Structure, Agency and Outcomes: Power Dynamics Following Technological Change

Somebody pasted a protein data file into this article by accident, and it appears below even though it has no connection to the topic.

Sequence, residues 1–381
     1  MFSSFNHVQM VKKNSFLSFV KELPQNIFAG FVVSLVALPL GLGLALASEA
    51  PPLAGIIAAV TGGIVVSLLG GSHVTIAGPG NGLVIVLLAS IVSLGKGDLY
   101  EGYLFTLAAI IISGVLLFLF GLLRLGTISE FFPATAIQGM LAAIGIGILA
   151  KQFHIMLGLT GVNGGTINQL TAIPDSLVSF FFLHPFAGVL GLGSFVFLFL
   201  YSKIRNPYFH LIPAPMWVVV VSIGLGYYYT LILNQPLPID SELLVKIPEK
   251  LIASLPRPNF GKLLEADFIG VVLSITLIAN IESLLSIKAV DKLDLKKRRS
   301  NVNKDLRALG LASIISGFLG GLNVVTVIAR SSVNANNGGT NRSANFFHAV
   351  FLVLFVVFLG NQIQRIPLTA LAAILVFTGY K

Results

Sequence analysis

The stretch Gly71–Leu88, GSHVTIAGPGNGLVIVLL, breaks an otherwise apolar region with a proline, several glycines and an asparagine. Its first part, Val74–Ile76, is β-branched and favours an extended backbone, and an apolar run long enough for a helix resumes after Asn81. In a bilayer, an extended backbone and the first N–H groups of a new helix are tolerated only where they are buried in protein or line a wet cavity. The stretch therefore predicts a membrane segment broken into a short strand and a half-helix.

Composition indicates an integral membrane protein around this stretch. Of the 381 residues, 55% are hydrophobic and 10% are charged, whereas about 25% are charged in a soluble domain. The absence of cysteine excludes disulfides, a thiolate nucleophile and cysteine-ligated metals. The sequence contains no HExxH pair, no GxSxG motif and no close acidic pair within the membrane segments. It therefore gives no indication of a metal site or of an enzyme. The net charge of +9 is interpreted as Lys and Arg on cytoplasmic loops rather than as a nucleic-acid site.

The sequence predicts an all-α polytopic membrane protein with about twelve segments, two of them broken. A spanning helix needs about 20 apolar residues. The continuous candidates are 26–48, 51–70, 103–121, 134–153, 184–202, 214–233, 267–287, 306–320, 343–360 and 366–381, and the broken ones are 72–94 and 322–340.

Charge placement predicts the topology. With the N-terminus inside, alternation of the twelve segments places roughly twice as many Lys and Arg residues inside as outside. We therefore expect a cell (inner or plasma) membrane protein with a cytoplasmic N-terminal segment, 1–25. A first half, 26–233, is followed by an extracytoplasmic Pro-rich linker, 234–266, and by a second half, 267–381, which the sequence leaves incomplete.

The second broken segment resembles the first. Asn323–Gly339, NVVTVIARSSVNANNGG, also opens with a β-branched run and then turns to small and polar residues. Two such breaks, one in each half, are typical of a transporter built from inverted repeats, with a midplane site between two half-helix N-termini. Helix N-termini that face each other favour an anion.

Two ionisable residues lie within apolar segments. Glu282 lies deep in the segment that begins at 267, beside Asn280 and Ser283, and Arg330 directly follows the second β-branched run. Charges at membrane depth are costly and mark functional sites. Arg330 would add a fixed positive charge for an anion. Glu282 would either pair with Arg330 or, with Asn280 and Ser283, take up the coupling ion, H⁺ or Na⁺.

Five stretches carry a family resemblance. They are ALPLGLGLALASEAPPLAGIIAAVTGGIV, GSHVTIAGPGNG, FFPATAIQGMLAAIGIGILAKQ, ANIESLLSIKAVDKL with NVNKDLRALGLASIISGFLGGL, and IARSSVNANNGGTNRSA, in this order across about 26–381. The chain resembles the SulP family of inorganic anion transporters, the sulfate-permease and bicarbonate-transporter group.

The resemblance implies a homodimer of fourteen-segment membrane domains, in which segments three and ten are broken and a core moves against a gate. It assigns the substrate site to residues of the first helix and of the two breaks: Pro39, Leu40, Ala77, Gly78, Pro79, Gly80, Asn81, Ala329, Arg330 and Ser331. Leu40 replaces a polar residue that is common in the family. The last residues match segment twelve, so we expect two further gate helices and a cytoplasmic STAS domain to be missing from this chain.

Technological innovation can shape organizational structure, by affecting the structure of interaction patterns between co-workers. But does change in interpersonal interactions shape the distribution of power in the entire system? In this study, we collected longitudinal data in a hospital department to investigate whether and how network structure combines with individual agency in predicting power dynamics following technological change. As a baseline hypothesis, we found that network structure predicted power dynamics: individuals occupying brokerage positions in the advice network before technological change were more likely to enhance their power following the change. Then, we found that personality, in terms of self-monitoring, and motivation, in terms of striving for status, interacted with each other and with structural position in affecting power dynamics. The overall picture painted by these results is one of network structure and individual agency shaping power dynamics in a process in which the micro-order of interactions interplays with macro-level change.